Saan nga ba talaga nang galing ang “frosh”, pare?
On August 19, Facebook user Ben Lim posted a side-by-side comparison of a DLSU Business College Government (BCG) photo and an online article both trying to explain the origin of the word “frosh” in De La Salle University.
Lim reveals that BCG’s post is mostly copied from the article which was posted last year. Lim’s caption “mali na nga info kinopya pa rin hanep” suggests that the etymology of the word “frosh” provide by the article (later to be the basis of the DLSU BCG’s post) is false.
Although, how wrong is the info?
“According to the Cambridge Dictionary”
Yes, frosh really is in the Cambridge dictionary. It also appears in Merriam-Webster and the Oxford Languages Google dictionary as well. These lexicons all agree that the word frosh is the informal reiteration of the word “freshman”.
After various alterations and shortening of “freshman”, words like “frosh” and “freshie” arose. Merriam-Webster also states that “Inevitably, freshie grew stale, and frosh was discovered as a hip-sounding alternative”
With the amount of information about the word it is clear that it is not only used by DLSU or Lasallian schools in general. The Oxford Language Google dictionary also notes its prominent use in North America.
Frosh = Frog?
Again, yes. Both Merriam-Webster and Google’s Oxford Languages dictionary confirm that the “hip-sounding alternative” for freshman may have found its origins in the German word for frog—”Frosch”.
Merriam-Webster notes that the word was recorded into A Collection of College Words and Customs published in 1851 by Harvard student Benjamin H. Hall: “In Germany, a student in the gymnasium, and before entering the university, is called a Frosch, — a frog.”
On Google, Oxford Languages explains that “frosch” may mean “grammar-school student” as well.
Frosh as a gender-neutral alternative
In Merriam-Webster’s Usage Notes there is an entry titled “Is the Word ‘Freshman’ Going Out of Style?“. It explains that alternatives to the word “freshman” may be preferred by more people due to its gender-neutral nature. Alternatives like “freshie”, “frosh”, and “first-years” remove the gendered skew brought about by the “-man” suffix.
Frosh = Fresh Out of Senior High?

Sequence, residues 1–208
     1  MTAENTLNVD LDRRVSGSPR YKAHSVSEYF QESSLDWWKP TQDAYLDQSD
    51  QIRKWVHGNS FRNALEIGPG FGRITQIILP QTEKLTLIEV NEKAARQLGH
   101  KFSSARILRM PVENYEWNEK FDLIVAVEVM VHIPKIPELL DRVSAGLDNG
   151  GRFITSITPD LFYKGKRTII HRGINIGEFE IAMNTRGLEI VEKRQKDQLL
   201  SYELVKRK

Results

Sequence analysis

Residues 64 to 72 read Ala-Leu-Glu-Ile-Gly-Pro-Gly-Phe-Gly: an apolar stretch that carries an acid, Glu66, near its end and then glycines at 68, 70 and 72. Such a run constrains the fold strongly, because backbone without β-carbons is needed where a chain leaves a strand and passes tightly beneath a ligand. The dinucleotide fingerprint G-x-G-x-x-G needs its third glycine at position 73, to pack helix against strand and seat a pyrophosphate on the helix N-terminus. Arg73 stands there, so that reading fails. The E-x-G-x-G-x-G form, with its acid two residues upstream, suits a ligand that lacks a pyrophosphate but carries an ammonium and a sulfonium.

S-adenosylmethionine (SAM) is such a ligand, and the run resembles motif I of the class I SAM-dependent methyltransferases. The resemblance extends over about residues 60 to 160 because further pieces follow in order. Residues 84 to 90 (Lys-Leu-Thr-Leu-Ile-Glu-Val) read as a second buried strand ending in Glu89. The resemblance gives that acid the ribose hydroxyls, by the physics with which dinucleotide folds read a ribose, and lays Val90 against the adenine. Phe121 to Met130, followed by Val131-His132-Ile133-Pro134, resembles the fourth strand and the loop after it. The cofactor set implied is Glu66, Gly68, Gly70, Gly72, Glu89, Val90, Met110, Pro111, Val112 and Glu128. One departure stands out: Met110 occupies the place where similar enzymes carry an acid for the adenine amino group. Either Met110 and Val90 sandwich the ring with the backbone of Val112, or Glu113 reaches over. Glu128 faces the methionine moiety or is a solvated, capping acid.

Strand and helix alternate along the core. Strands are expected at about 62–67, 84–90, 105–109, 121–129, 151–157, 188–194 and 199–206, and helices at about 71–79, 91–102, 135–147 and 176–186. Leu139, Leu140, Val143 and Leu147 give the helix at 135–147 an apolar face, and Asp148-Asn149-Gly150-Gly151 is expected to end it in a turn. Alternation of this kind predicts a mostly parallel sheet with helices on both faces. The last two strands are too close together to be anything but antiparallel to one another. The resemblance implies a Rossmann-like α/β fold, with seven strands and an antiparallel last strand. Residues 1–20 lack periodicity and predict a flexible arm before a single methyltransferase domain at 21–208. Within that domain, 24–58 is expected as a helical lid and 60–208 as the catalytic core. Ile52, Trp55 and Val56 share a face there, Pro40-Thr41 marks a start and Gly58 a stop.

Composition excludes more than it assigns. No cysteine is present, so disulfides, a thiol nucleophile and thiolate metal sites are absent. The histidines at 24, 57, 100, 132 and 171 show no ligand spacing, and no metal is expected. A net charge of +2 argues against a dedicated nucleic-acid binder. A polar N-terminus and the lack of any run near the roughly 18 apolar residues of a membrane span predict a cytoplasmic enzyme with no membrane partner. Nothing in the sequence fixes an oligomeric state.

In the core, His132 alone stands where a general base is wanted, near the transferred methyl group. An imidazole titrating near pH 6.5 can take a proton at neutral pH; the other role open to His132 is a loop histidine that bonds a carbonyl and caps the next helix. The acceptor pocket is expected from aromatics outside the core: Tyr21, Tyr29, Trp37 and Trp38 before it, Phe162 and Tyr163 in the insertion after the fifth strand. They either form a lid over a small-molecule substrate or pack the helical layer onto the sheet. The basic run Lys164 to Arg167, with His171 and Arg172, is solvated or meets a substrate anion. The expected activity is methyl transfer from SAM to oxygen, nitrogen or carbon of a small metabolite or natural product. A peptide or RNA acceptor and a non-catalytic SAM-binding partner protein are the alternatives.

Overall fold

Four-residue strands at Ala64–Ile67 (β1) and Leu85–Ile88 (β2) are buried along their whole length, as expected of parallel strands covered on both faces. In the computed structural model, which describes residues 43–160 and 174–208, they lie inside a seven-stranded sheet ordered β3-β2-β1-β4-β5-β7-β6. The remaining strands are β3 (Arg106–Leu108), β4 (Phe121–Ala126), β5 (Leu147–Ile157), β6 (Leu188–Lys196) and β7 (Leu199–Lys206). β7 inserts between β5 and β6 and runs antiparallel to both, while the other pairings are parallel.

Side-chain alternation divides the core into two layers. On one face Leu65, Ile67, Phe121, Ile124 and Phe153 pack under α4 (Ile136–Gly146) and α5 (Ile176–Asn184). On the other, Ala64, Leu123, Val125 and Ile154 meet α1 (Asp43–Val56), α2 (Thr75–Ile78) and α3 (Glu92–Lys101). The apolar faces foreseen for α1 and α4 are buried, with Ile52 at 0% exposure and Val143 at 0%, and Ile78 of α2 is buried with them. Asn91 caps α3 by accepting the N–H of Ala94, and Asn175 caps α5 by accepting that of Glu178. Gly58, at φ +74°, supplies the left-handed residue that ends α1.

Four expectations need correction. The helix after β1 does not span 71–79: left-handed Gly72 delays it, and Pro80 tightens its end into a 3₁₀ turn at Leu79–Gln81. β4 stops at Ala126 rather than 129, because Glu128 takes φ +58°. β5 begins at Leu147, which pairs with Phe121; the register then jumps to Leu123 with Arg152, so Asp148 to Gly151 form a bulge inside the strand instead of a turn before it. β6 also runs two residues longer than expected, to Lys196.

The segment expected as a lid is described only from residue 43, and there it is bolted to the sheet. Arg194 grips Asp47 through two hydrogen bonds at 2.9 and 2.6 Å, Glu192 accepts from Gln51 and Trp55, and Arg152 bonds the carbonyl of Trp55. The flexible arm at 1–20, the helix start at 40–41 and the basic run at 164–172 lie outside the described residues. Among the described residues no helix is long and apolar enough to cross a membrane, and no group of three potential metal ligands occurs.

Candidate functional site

First of all…no. Second of all… maybe?
This may be the claim that caught most people’s attention. It is quite hard to believe this considering the fact that the term “frosh” has been used in DLSU way before the K-12 educational system was established in the Philippines (academic year 2012-2013). Frosh was being used even before senior high was a thing that existed across the country.
Although, considering the way the acronym fits perfectly with the phrase, it could make sense? Maybe? If you try hard enough?
But with all of this in mind, just take Amber Ger’s word for it— “it’s honestly just a slang word for a college freshman”. Let’s not over analyze and over intellectualize a fun and casual slang word.
BCG posted an apology also on August 19 for the “wrong information”.
One comment called out the need to cite their sources. This was addressed by BCG as they edited their caption to include their source and its date of publication.
It might look like BCG would need to edit their caption once more as the article was actually posted in August of 2020. Only one year before this long-winded etymology quest began. If it was originally posted in 2017 and later edited in 2020, the website does not specify.
Let this be a lesson to all: always check your sources, corroborate the information you gather and NEVER plagiarize.
Using the word “frosh” is only one of the many pieces of DLSU’s colorful culture, another piece is… blaming the frosh for everything.
Hay nako… yung mga frosh kasi talaga eh.